MacKenzie Roux was in high school the first time she visited orphanages in Romania. The experience left her broken and angry.
Children are not orphaned there, because their parents are dead. A post-communist culture still pervades – allowing children to be abandoned for any reason. They are seen as unwanted, undesired and unlovable.
“They grow up knowing and believing ugly words about themselves,” Roux said. “Eventually, it hardens many hearts, resulting in an anger-driven, fight-for-life mentality that permeates these orphanages.”
On a second trip last summer, Roux realized she couldn’t fix the situation, but she could make a difference. Even a small one.
Missionaries in Romania singled out the Georgia College senior, asking her to come back and run a summer camp. Honored but baffled, Roux asked her parents how she – a student – could possibly raise at least $10,000 needed to begin such a venture.
They said: Start a nonprofit.
Two weeks later, Roux had done the paperwork and gotten nonprofit status from the IRS. She put her mother, an avid volunteer, on the board. Family friends who know business, fundraising and finance were added. She started a PayPal account, got a domain for a website and started a Facebook page.
Now the political science major plans to delay law school to nurture her newly-formed nonprofit, The 1:27 Project. Based on James chapter 1 verse 27 – looking after orphans in distress – Roux’s program will operate a weeklong camp every year for orphans around the world, starting next summer in Romania.
“My parents instilled in me you’re not just on this earth to promote yourself. You are here to love others, and you are here to make a difference,” Roux said. “If you put any type of effort towards that, you will help somebody and that is what makes it worthwhile.
Roux is the second Georgia College student this year to start her own nonprofit.
She and alumna Natalie Flanders – who founded Girls Grow Inc. last February as a senior psychology major – prove what research shows about this generation: They are serious about social justice. Strongly-held convictions guide the choices they make, said Dr. Amanda Reinke, assistant professor of anthropology.
In the past 15 years, five other GC alumni started nonprofits after graduation.
More students are volunteering their time to help others too – a trend on college campuses that has resurfaced in recent years, said Sara Faircloth. She is the director of Georgia College’s Nonprofit Leadership Alliance, one of only three programs like it in the state and 75 nationwide.
Of about 20 students every year who finish the university’s three-year-certificate nonprofit program – 90 percent go on to work for nonprofits. Georgia College’s GIVE Center has also been “very effective at inspiring many students to do more,” Faircloth said.
“Helping people is our philosophy. It’s part of the DNA at Georgia College,” said Kendall Stiles, senior director of Community Engagement.
“I think it’s probably this age group,” Stiles said. “They join student organizations and causes and volunteer, and they start to think: Oh my gosh, I can actually use my degree to make a difference. Maybe I won’t make as much money, but I can still do something I like and believe in.”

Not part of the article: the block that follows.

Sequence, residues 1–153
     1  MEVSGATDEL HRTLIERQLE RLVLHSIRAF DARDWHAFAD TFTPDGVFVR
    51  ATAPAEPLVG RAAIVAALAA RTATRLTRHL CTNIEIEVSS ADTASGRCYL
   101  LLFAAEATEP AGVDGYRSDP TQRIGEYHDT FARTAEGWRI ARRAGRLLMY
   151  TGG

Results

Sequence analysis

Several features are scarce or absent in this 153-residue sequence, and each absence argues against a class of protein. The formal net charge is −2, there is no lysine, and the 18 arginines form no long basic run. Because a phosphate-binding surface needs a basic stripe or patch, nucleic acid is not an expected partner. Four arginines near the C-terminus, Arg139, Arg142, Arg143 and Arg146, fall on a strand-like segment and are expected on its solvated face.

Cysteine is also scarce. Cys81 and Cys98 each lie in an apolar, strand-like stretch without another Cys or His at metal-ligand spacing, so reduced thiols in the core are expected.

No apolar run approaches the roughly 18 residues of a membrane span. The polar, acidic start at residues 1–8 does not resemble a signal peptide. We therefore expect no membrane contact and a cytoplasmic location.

When it comes to college students founding nonprofits, however, Faircloth believes Flanders and Roux are the unusual exception. Many like the idea of turning service into a career, she said. But few understand the hardships involved in creating a charitable industry from scratch.
Even so, Roux and Flanders managed to do it – while still going to classes and earning a degree.
Believing in something and wanting to help others is the key.
Flanders talks of a power greater than herself that keeps her going. From her studies at Georgia College, she knew the enterprise would take her outside her comfort zone. It isn't easy asking people for money, doing legal paperwork, learning accounting and building a board of directors, she said.
Her role-model program for adolescent girls grew last spring to more than 40 volunteers at local Milledgeville schools. Now Flanders is opening Girls Grow Inc. chapters at the University of Georgia, Georgia State University and Valdosta State University. The pilot program at Georgia State also benefits homeless girls at Covenant House Atlanta.
“I had some things go wrong very early on in the game,” Flanders said, “This was a game-changing moment for me, and a chance to chose love over fear.”
Roux, too, looks to something greater. Her faith in God makes the gargantuan task of starting a nonprofit less daunting. Now Roux dreams of expanding her weeklong camp for orphans to Ethiopia, Honduras, Mexico, Haiti, Greece, Uganda, Ecuador and Costa Rica.
Her Southern Politics professor, Dr. Keith Lee, believes Roux can do it. She’s “one of the best students I’ve had the privilege of teaching,” he said. It may be a risk to postpone law school and serve others – but he wasn’t surprised by her “courageous choice.”
Roux knows she can’t help every infant – like one baby girl who lay untouched so long, the back of her head was flat. She can’t keep children from using toys as weapons or provide enough food to keep them from fighting over scraps.
But the nonprofit will allow her to continue holding countless little hands that reach for her. She will continue to hug bullies, who need love the most. She’ll wipe away tears and pick dandelions to make flower crowns with little girls.
“I cannot fix the abandonment,” Roux said. “I can’t fix corruption. I can’t fix Romania. I cannot change the world. But the beautiful thing is – I’m not called to do that, I’m simply called to love the unloved.”